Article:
The Legislature this year passed a $4 million in line items to mandate new ongoing spending for 200 additional slots for this. Waiver programs let states use federal Medicaid dollars to give services to the developmentally disabled or elderly who would not otherwise qualify for the program on the basis of income or assets, as long as the average cost per client does not exceed what the state would spend on paying for them to live in nursing homes.

With a waiting list of approaching 11,000 for NOW, at least a small dent could have been made in that, where some on the list with severe disabilities have waited for eight or more years. But citing legislative directives that produced a health care budget $40 million in the red ordering the executive to make cuts, Gov. Bobby Jindal vetoed those line items.


Session vote signals recoupling of "hawks" to GOP

We’ll see how pledged gubernatorial candidate state Rep. John Bel Edwards does in that 2015 contest, but he’s likely to have to get along without being able to point to policy victories handed to him by a Republican Party divided in the House of Representatives.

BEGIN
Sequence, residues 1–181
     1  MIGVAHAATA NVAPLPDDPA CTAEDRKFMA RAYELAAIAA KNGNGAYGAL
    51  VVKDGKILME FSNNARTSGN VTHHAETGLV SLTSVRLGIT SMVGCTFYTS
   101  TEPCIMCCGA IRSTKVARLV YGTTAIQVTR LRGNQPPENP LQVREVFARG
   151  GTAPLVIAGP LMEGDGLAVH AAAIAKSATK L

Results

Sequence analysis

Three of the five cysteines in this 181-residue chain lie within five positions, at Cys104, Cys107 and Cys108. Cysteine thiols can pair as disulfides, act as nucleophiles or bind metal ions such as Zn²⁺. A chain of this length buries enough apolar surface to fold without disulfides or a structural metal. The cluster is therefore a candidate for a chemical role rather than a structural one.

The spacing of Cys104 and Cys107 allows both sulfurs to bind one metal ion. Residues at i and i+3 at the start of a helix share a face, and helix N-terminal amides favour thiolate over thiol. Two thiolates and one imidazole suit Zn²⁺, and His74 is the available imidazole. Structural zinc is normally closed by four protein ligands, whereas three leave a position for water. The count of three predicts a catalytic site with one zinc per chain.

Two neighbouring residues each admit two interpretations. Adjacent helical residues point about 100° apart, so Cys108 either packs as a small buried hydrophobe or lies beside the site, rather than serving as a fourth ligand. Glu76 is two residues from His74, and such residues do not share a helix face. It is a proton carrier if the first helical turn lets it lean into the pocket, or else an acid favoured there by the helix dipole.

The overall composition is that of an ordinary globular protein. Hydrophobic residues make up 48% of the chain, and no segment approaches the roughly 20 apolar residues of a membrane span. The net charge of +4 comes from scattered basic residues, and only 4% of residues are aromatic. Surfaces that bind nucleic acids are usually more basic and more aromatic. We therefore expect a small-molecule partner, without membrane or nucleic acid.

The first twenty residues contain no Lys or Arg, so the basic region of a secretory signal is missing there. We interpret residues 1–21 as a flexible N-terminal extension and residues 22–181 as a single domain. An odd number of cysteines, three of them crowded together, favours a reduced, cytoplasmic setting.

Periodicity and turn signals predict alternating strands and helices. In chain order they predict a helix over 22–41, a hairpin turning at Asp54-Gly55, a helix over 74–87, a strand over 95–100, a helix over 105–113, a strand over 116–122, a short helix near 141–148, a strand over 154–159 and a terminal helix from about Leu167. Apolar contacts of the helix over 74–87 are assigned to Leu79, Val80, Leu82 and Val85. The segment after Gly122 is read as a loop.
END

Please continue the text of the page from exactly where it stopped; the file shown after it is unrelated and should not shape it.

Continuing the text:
In response to a query about getting minority House Democrats into a coalition with disgruntled chamber Republicans known as the “fiscal hawks,” Edwards opined that he thought the same grouping can be resurrected on issues beyond the specifics of the fiscal year 2014 budget that the pairing had major influence upon. This came after it was known there would be no unprecedented veto override session where some line item vetoes of that budget were by far the most publicized, because the typical patterns of voting had been followed.

That is, since Gov. Bobby Jindal became governor, every year most Democrats in the House have not returned their ballots to indicate that an override session should happen. This year, only two of the 38 returned ballots to indicate no session necessary came from Democrats, down from six the previous year. By contrast, each year a solid majority of Republicans have returned ballots; last year 45 did so, while this year 35 (about three-fifths) did.


History tells Caddo to reject more Elio funding

Ouachita Parish’s citizens once got fooled. Are Caddo Parish’s far behind?